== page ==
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Galapagos trip report: a tale of boobies in the sunshine (40+ pictures)

binary visions

The voice of reason
Jun 13, 2002
21,883
775
NC
So, after working my ass off for three years to get my degree, Jenn presented me with the ultimate graduation present: 12 days in Ecuador, with 8 of them spent on a boat touring the Galapagos Islands. My parents visited the Gapagos when I was 4 years old, and it has been my dream to visit ever since I was a little kid, looking at their pictures.

We arrived in Quito, a city sitting at 11,000 ft., and since we are both slightly masochistic, gave ourselves approximately 8 hours to acclimate to the elevation before running off to a mountain biking trip down Cotopaxi, one of the largest equatorial volcanos. Since this thread is long enough, you can read the ride report here.




The next day we went on a city tour of Quito, seeing the landscape, the architecture and the people. Despite some very rough areas (it is a third world country after all), it's quite a beautiful city with colorful houses, breathtaking views and exquisite churches around every corner.





After seeing the city, we visited the Mitad del Mundo, or the Middle of the World. In case you missed your geography class, the equator runs through Ecuador and we went to a small area that's has the equator precisely measured with some experiments that you can do. Fun fact: the equatorial monument is actually located about 300 meters away from the actual equator. About 15 years ago they found out, via GPS, that the monument they'd been using all this time was quite a ways off from the actual equator.

They demonstrate the coreolis effect, as well as some sillier experiments that are mostly based on mental tricks. But look, here's me balancing an egg on the equator line:





The next morning we headed for the Galapagos. It's two short plane rides to get there, and then we take a small boat, called a panga, to the ship itself. The ship was awesome: 8 cabins, with bathrooms and hot showers in every cabin, 110v outlets to charge our gear, a lounge and a bar, and three decks with chairs to lounge on. For such a small ship, it was pretty loaded!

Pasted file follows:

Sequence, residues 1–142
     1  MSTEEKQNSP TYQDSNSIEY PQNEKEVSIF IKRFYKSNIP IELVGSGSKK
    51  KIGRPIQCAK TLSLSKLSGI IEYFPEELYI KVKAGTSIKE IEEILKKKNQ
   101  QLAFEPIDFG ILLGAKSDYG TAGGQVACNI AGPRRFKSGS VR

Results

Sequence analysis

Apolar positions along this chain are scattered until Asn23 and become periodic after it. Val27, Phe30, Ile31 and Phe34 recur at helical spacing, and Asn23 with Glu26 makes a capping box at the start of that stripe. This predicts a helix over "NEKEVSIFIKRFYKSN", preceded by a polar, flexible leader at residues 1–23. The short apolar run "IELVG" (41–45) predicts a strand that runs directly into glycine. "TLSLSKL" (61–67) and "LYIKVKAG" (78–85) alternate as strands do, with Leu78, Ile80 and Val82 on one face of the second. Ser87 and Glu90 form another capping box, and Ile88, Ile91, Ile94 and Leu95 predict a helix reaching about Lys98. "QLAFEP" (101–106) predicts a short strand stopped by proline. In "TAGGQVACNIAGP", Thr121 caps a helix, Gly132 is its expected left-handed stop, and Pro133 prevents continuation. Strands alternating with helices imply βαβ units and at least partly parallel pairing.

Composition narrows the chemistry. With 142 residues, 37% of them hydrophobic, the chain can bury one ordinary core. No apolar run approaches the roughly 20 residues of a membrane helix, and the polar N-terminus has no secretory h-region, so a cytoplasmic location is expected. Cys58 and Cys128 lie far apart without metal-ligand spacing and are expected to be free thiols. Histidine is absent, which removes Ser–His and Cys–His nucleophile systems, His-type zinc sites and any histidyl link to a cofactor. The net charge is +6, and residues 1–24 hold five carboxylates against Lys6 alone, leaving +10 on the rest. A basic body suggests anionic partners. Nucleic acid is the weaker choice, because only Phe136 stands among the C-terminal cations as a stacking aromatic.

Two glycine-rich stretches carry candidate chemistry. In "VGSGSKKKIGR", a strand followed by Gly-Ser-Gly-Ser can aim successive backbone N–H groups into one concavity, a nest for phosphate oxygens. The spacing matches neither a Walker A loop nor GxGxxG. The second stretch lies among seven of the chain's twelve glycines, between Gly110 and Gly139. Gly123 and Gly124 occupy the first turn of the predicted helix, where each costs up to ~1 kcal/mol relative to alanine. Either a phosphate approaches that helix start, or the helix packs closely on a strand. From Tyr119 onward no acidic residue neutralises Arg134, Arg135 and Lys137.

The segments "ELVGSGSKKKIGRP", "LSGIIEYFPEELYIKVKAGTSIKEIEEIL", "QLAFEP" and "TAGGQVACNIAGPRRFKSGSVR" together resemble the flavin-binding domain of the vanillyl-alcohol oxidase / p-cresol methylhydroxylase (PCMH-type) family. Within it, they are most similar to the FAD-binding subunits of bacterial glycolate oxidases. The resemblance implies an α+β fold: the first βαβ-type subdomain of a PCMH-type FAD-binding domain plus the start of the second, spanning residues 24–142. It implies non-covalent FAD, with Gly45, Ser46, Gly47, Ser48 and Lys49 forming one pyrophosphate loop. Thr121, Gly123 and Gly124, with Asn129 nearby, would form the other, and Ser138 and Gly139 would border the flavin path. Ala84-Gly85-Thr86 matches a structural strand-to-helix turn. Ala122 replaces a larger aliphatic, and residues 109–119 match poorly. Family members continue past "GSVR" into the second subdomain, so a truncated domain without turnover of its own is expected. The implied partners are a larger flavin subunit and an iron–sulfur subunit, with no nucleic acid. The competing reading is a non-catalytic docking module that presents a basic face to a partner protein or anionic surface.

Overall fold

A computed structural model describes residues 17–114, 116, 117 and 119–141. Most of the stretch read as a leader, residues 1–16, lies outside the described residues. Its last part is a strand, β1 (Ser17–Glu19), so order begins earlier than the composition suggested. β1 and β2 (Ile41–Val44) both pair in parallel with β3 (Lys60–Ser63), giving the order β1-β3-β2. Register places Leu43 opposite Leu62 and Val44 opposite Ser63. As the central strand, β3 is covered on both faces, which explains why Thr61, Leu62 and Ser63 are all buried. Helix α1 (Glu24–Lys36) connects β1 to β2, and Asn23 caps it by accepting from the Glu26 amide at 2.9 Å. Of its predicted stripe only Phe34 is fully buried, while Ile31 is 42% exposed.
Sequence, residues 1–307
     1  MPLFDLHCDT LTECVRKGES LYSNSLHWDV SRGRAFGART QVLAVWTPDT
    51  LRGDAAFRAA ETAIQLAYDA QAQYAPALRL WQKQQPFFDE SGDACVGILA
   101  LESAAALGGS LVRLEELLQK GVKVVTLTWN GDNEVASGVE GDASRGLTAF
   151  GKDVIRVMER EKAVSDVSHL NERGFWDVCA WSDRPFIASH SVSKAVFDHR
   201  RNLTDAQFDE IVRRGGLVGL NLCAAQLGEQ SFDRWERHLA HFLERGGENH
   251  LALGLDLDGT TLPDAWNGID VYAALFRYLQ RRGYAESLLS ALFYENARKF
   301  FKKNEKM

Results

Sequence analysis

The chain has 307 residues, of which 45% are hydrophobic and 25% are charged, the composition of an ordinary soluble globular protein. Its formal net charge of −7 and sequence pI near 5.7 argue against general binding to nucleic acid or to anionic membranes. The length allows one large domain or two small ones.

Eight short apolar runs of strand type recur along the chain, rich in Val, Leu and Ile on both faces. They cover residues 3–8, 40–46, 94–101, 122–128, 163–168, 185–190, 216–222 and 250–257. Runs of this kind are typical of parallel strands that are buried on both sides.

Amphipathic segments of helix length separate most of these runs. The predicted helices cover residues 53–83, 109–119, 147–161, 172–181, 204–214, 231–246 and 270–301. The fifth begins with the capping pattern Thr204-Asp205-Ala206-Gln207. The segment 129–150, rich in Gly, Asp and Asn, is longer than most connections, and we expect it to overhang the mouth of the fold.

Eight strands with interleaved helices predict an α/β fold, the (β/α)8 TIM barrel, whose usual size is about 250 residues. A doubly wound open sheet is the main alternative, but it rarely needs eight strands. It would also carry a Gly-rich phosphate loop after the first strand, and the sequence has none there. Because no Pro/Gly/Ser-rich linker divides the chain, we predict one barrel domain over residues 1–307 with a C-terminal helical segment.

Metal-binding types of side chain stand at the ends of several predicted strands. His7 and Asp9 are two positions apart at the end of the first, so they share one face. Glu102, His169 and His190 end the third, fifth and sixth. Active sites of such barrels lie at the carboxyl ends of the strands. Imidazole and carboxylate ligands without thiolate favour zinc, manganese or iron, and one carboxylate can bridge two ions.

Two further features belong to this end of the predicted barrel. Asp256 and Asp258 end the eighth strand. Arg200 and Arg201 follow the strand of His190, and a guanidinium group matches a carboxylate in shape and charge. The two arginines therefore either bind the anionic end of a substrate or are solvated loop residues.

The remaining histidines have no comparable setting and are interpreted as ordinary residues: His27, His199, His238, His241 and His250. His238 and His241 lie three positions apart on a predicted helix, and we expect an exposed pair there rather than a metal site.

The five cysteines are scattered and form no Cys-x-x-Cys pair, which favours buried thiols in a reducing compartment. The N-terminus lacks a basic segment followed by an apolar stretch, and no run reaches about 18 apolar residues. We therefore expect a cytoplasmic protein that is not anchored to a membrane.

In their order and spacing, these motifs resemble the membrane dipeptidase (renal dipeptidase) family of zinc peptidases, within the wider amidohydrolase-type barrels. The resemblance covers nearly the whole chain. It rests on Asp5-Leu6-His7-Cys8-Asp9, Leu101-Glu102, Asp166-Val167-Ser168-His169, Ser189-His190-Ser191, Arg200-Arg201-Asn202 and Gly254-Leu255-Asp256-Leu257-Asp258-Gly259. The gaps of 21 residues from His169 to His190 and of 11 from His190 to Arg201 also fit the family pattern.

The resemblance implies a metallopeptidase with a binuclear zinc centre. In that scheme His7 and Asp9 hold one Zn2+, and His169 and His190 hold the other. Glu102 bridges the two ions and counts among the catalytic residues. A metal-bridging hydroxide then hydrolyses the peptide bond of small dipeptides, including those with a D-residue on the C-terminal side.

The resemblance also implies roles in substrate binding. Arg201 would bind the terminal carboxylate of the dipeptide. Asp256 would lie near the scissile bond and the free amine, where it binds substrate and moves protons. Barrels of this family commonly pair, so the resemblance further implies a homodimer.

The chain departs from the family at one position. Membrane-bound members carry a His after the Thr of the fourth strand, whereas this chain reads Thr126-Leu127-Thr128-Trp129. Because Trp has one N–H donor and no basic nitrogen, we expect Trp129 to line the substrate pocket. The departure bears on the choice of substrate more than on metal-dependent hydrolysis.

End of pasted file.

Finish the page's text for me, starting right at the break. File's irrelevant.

And then... the islands. The outline of the days were mostly the same: we drive the boat to an island while we sleep. Breakfast at 7:00am, out on the island before 8:00 for hiking. Usually snorkling after the hike, sometime around 11:00, and then back on the boat for lunch. After lunch, hit a different part of the island, maybe more snorkling, back around sunset for dinner and a talk about the next day's activities. We had two guides, Daniel (our real guide) who has been doing this for 20 years and knew everything. Then he was mentoring Martin, who knew very little about the islands and even less English. Daniel is on the right:





The terrain of the Galapagos is extremely varied. You can go from tall volcanos to flat little islands to rugged cliffs to rocks simply springing out of the middle of the water:









The wildlife is as interesting as the terrain. There were sea lions and Sally Lightfoot crabs and lava lizards freakin' everywhere on the islands:











But then you have islands with individual species that live there. We found:

Yellow Crowned Night Heron


Blue Footed Boobies


Nazca Boobies


Baby Nazca Boobies


Waved Albatross


Flamingos


Land Iguanas


Lava Heron


Galapagos Hawks


Galapagos Penguins


An island full of Marine Iguanas:





It's amazing how tame the animals are. We were literally a couple feet from all of them - they would have let us touch them, had the rules not forbid it. In Santa Cruz, we found a fishing dock where the sea lions and heron would beg for food.